In other stories apples are the food of the Faerie and anyone entering the otherworld must avoid them or they shall never return to their own place and time. Because of this apples are also known as the ‘Food of Transformation’.

Apples also mean fertility and 13 apples were buried at Samhain to ensure a good harvest the following year.

A Halloween Celebration

In Britain a large turnip or swede would be hollowed out and a candle set inside to symbolise that life still exists, hidden in the earth in the bulbs, seeds and tubers. Another reason for carving a face into the turnip or swede (or the more recently American import, the pumpkin) was to create a mask, which was to assume the identity of the God/Goddess and take on their traits. Later on, pumpkins were used to scare away evil spirits on Halloween night.

The Halloween custom of ‘Trick or Treat’ also has its origins in older European traditions. The ‘Trickiness’ of the season is marked by children dressing up and demanding a ‘treat’ and if one wasn’t forthcoming then funny noises would come through the letterbox, strange creatures would lurk on your doorstep and it was in this way that children came to terms with their own shadow or darker side.

Elder trees are linked to Samhain although they also have connections with Beltaine. This is because they are linked to the menstrual cycle and the divine feminine for when an Elder is cut it bleed red sap like menstrual blood and this is a time when a woman’s darker half can appear. Elder flutes where also carved to summon the spirits at Samhain.

Mythology and Legend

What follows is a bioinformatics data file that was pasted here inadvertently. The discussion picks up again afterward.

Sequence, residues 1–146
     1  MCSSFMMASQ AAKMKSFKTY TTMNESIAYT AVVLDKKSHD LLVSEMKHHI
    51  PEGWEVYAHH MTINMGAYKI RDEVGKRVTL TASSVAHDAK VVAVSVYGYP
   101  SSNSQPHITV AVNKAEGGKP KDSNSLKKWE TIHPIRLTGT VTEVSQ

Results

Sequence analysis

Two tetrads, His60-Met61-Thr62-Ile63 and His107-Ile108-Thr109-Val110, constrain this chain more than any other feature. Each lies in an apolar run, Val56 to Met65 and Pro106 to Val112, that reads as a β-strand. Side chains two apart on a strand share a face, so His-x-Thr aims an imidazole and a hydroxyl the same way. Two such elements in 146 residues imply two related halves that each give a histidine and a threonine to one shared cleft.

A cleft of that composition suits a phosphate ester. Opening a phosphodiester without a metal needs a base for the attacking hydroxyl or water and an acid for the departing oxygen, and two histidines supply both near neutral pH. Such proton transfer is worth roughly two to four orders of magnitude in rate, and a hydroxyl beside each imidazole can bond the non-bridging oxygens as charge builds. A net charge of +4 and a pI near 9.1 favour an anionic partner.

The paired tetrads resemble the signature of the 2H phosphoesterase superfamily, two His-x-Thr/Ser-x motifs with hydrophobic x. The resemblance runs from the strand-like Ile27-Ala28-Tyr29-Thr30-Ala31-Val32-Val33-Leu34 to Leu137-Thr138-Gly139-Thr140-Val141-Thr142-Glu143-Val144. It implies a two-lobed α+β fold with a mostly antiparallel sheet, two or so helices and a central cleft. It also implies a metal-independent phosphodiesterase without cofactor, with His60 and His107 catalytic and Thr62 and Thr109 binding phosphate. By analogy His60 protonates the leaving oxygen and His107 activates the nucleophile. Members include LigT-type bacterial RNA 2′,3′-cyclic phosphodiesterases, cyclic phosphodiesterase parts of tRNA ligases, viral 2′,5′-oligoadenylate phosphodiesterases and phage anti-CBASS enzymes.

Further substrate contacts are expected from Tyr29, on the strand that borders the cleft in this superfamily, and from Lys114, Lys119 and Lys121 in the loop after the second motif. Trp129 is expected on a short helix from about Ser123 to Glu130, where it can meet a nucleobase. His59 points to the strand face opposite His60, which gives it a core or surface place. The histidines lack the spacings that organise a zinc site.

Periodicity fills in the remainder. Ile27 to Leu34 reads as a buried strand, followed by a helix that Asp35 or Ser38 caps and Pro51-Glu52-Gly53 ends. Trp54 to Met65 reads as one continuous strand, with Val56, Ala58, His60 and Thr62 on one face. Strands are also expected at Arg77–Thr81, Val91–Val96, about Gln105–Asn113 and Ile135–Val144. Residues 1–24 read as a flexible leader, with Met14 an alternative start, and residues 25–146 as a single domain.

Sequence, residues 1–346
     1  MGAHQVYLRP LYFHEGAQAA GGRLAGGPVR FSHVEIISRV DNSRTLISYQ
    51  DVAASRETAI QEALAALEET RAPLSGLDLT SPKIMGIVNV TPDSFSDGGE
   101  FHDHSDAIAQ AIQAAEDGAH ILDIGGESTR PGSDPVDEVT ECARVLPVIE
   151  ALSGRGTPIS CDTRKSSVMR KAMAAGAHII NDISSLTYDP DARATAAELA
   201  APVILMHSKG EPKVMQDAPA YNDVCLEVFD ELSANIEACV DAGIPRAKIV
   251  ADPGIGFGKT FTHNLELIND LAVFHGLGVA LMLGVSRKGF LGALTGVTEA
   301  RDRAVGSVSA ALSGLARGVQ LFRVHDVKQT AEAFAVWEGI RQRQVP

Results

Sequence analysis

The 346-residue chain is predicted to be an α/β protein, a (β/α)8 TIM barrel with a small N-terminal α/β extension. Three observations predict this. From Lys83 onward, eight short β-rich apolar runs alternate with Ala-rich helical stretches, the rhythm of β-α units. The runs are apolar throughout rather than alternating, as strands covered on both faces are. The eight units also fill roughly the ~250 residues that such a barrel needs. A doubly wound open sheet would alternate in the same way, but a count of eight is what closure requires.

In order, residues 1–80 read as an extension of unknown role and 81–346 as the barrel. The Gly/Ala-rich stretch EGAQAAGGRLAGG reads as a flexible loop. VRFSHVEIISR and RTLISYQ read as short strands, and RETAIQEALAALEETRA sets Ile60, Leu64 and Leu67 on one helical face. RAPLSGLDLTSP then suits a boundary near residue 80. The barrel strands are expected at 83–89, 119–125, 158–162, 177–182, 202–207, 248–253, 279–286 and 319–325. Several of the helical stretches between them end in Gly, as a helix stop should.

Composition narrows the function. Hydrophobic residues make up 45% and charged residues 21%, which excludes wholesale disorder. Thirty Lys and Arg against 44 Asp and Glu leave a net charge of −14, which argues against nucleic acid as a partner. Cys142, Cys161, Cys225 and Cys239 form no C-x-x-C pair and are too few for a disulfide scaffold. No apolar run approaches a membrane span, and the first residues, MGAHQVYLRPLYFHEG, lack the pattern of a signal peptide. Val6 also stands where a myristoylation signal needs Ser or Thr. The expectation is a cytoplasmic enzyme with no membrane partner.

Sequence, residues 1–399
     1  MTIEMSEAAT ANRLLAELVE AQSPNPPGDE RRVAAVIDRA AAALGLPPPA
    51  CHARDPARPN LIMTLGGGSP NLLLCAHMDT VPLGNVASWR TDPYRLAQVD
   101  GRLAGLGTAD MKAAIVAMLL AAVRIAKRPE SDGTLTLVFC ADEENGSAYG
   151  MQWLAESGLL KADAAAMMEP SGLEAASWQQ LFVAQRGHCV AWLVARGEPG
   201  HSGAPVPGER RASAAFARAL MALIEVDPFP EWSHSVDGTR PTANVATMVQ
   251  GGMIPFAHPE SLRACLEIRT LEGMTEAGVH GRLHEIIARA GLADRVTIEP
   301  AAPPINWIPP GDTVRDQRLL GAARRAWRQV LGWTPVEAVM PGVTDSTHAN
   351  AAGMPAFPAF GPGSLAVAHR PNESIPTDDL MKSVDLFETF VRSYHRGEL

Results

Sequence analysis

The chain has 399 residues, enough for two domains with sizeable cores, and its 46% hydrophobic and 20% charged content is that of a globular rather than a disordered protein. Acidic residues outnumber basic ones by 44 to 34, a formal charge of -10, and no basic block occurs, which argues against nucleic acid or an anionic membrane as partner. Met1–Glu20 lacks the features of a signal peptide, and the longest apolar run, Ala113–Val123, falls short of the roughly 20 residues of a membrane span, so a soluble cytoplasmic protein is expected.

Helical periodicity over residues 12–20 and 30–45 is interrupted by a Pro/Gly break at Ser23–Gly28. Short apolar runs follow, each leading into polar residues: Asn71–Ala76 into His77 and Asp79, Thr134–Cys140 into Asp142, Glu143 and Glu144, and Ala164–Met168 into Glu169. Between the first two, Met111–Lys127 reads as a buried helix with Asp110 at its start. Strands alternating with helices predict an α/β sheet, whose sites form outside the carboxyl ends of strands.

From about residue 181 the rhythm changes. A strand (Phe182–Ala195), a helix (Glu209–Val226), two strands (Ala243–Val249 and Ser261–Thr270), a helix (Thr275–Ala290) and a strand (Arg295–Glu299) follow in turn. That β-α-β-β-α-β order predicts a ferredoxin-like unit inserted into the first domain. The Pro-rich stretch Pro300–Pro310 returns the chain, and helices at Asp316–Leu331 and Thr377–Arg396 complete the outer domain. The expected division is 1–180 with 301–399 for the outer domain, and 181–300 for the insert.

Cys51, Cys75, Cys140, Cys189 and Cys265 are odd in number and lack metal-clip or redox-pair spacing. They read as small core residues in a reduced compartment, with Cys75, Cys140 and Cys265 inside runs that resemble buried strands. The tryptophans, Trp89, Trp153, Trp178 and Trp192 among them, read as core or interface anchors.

This is the dark half of the year, the Goddess has descended into the underworld and taken the God into her body to be born once more to the world at Imbolc.  The light is dimming and the night is the time for celebration.  The trees are losing their leaves in droves of reds, russets, browns, gold’s and coppers, creating a wonderful kaleidoscope of patterns as they fall, covering the ground underfoot. 

Autumn is now truly here and nature is dying, retreating into the bulbs and roots awaiting the return of the Goddess at Imbolc bringing with her new life and hope to the land. 

In Irish mythology the Bean Sidhe or Banshee, would howl over houses where someone was dying, ready to take their soul onward at Samhain. 

There are many Gods and Goddesses called upon at Samhain, amongst whom are the Welsh Goddess Ceridwen with her cauldron of rebirth; The Greek Goddess Hekate holding the keys to the underworld; The Morrigan, Queen of the Faerie returning to her winter realms and the Horned God, Lord of Death and Rebirth known by many names – Gwynn-Ap-Nudd; Cernunnos; Herne the Hunter leading the Wildhunt are some.  So come and share the feast with us and drink the health of all who have passed, share your foresight and practice your magick and join our celebration of Samhain.